Swimming Etiquettes: Basic Rules in the Pool

Just like everything else that we do in a social, public environment, enjoying a swimming pool also comes with its own implicit social rules and etiquettes. Some of these rules are explicit and can be found on the notice boards around public pools, while a few are implicit and belong to ‘proper behaviour’ category. 

Here are some basic swimming etiquettes, divided into two segments, (1) to follow before getting in the pool and (2) to follow while you’re in the pool.

Before You Get in The Pool

Wear Appropriate Swimwear

swimming poolThe first and foremost swimming pool etiquette says that you should wear appropriate swimwear before you enter a pool. No matter what kind it is, two-piece, one-piece, shorts and bralettes, whatever! No t-shirts and shorts, no cottonwear, no dri-fit gym wear and no lycra tights and tees. Fibres from all of these clog drains and is a big hassle for routine swimming pool maintenance.

And yes, a swimming cap is also categorized as appropriate swimming attire. Hair is usually a big drain clogger, whether in our homes or in public pools. And no one wants to catch floating hair on their limbs while they swim either. By using swimming caps, we prevent drain clogs and keep the pool clean and hair-free for all users.

Shower Before You Enter

Once you are in your swimwear, head over to the showers. Always take a quick shower before you enter the pool. It cleans away your perspiration and other bodily impurities before you get in the pool, ensuring that less microscopic bodily-matter enters that public pool.

Use a Restroom Before You Enter

Let’s face it, it is a hassle to come out of the pool, head over to the restrooms and get out of those wet swimming costumes just to answer nature’s call. It is therefore far more prudent to be prepared in advance and avoid that eventuality before you hit the water. Thereafter as adults, it is expected that we can all hold it in for an hour or so, right?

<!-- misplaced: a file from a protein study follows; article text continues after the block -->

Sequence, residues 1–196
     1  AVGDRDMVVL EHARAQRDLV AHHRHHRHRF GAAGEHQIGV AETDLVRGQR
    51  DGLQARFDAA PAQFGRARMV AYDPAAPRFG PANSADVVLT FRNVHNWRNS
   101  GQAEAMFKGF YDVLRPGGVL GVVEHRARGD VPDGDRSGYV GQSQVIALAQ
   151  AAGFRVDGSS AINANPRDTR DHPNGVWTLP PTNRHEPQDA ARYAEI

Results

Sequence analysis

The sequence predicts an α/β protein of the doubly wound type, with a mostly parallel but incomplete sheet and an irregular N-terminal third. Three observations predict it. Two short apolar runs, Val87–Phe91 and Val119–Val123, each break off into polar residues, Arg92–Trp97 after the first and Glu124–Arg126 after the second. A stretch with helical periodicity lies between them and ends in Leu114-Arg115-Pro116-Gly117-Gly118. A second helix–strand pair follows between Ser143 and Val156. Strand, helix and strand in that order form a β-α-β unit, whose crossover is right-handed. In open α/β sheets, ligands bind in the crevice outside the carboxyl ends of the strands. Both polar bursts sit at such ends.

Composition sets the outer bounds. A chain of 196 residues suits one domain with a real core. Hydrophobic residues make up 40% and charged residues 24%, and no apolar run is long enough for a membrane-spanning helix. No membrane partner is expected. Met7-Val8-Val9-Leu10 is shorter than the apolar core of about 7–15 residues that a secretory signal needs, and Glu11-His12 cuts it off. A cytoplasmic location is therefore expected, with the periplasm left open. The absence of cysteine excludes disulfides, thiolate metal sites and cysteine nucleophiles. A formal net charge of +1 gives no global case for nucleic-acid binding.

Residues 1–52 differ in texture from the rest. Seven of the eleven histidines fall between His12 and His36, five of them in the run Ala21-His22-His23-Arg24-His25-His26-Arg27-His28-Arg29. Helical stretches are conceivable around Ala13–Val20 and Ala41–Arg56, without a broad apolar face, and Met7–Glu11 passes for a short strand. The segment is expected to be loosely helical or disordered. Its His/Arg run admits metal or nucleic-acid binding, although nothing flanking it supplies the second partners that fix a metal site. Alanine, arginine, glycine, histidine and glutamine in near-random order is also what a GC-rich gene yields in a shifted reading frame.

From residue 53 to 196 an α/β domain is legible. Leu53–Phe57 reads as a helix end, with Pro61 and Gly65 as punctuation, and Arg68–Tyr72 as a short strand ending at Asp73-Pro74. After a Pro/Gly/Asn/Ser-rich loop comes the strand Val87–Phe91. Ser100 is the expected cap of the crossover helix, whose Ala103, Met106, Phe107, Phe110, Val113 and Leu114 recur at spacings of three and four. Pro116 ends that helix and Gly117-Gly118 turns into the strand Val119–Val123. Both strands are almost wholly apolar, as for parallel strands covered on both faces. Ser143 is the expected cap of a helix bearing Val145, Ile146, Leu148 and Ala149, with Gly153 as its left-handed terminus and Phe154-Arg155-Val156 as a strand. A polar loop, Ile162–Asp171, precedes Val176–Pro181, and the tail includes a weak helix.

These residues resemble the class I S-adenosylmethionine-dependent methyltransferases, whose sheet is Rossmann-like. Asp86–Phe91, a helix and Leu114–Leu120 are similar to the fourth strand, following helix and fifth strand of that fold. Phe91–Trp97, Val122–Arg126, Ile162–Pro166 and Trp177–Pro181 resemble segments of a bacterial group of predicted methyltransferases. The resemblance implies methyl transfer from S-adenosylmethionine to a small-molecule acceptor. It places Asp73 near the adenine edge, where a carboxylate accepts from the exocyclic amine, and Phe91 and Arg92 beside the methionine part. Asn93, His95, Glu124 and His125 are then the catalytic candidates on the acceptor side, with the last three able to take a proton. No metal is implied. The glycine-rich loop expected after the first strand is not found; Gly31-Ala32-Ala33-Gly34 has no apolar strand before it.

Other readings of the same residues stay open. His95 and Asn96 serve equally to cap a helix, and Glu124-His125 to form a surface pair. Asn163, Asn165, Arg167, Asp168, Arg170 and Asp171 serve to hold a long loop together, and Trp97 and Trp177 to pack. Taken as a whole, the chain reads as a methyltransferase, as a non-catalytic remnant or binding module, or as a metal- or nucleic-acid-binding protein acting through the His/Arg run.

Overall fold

Don’t Just Jump Right In

If the pool is crowded, be courteous to the other users. Either skip the dive and splash altogether by entering the pool using the pool bar and steps or find a quiet spot, alert other divers and then make that jump. No one likes to be splashed in their faces unexpectedly, and we are sure neither do you.


Skip the Pool if You Have Rashes or Injuries

As the world gets more aware and alert to health and hygiene, swimming etiquettes too are mindful of them. If you are covered in bandages, or worse, open scrapes and cuts, please skip the pool till you heal. If you have rashes or allergies, skip your session too.


After You Get in the Pool

Mind the Lanes

If the pool is crowded, especially with serious swimmers, try not to get in the way. Mind your lane and let the faster folks pass.

Tap and Pass

If you are a serious swimmer or just a fast one, ask the person in front of you to allow you to pass by making a gentle tap on his foot. Similarly, when someone taps yours, make room for the person to pass. 

Be Polite and Considerate

Even if you are in the pool to have some fun, or even if you are in the pool with your friends, be polite and considerate to other swimmers. There might be someone training for a race, another might be doing laps for his fitness. Not everyone is in it for the fun. Do not splash, do not squeal, scream and shout. And definitely do not be a space-hogger that is interfering with everyone else by resting on the sides right in the middle of the pool!

In short, what we are saying is “Swim & Let Swim!” and all of us deserve a good pool irrespective of the seriousness of the activity.